And what’s super interesting is that the week that I had that interview with Hannah, I got a paper home from my youngest son who is in third grade. And it had “community” as one of his vocabulary words, defined as a geographic place where people reside. And I thought, “How different is it?” Because again, back to some of Jess’ points about this digital–physical fluidity, in this era that we’re working in, the communities are a group that they belong with, that they identify with, that they feel a part of.
So, how do you create a culture community that everyone in the firm — maybe from different backgrounds, different ages, different perspectives — feels connected to, and then empower them to put some of these ideas into action?
Meredith: The second topic is creativity.
Jess: This one was one of my favorite ahas throughout our research. When we heard from firm principals, it was really this challenge of “We’ve learned how to solve for collaboration. We’ve figured that out, but we have not solved for innovation, ideation, and creativity.” And this was a big concern that we heard from the firm principals in our mapping sessions.
And they were also afraid of these digital tools and digital-first, self-serve tools like Pinterest, which can help speed up some of that research process, but start to make everything look the same. [They were concerned] that we’re maybe negatively impacting our creative thought process by turning to these digital tools so quickly. So, there’s this true concern.
So, when we turned to our Gen Zers, I really thought we’d hear about some fresh, new tool ideas, some digital inspiration, and some great physical locations to go explore. But, coming back to [this idea of] digital–physical fluidity, we didn’t hear anything regarding digital or physical. And what we heard instead was this issue around the time drought around research, around creativity, around creative exploration. And I think that was a really big aha for us, because it was less about whether you’re in person or whether you’re digitally self-serving and more about this time drought around creative exploration.
Meredith: For the creativity topic, Amanda and Jessica have two ideas for you to try. First, define creative time.
Amanda: I may be Captain Obvious by delivering this message, but we heard this from a lot of our Gen Zers: “I always feel rushed, and I don’t even know how much time I should be spending. It’s so easy to go down a rabbit hole.”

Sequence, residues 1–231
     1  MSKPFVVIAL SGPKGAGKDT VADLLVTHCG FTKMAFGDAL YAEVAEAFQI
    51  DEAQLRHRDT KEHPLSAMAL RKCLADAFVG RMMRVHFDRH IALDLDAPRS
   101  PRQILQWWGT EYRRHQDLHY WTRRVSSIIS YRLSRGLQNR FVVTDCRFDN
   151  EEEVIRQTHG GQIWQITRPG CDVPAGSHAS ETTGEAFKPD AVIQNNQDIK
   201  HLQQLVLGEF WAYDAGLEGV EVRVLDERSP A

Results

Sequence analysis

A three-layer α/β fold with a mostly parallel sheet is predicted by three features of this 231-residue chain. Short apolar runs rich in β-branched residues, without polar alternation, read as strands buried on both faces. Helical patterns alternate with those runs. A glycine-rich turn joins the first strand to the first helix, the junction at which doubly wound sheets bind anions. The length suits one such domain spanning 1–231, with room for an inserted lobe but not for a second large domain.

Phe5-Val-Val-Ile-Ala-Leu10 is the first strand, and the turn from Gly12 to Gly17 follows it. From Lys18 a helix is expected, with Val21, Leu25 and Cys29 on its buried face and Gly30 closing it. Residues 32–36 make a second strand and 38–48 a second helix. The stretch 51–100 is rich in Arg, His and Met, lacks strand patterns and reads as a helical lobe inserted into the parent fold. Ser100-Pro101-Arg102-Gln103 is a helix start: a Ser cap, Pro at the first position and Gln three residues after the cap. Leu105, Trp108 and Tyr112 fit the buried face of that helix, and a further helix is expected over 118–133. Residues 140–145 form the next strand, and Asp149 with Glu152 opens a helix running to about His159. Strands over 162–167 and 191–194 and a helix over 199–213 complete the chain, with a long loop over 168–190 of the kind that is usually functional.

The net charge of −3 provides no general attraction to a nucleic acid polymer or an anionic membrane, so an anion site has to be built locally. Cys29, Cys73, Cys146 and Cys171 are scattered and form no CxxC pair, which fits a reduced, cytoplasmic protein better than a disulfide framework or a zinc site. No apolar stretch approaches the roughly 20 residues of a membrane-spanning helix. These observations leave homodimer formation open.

So, the simplest suggestion they came up with was “Help me put guardrails on my creative research time so I can learn how to balance this creative element with true productivity.” So, it could be that you have 20 hours here, you have 100 hours here, you have 2 hours here — whatever that time limit is to just help them understand what is a normal amount of time to spend, because many of them were really struggling to understand some of those basics.
Meredith: The next idea for you to implement is to create a pro-idea environment. Jessica explains what that means and why it’s so important for creativity.
Jess: There was a lot talk around safety. So, creating this truly pro-idea environment. And a lot of the Gen Zers said, “As a new designer, you want to put your neck out there and give your good idea.” And as long as it’s, it’s received with a ‘Hey, that’s a great idea, but it may not work for this,’ as long as it’s received with this safety environment, that creates positive psychological safety around creativity.
And even as we looked outside of the industry for [more about] that safety issue, Future Forum talks about this need for psychological safety in order to spark creativity, in order to create that creative innovation. They were really onto something with this safe environment for sharing new ideas, for spreading new ideas among their teams.
Meredith: The third topic the team researched was relationships, and they wondered, “Do face-to-face relationships matter as much in this digital-forward era?”
Amanda: Our overall conclusion is relationships still matter, but how we build trust is evolving.
The assumption that we went in with was that digital-forward generations maybe don’t value face time as much as previous generations. And they think that trust and culture can be built wholly virtually. But after going through this [research], what we found is that digital-forward generations do value that face time, but they expect it to be worthwhile. They want digital tools to enhance trust and culture, but still really rely on in-person networking to make those connections.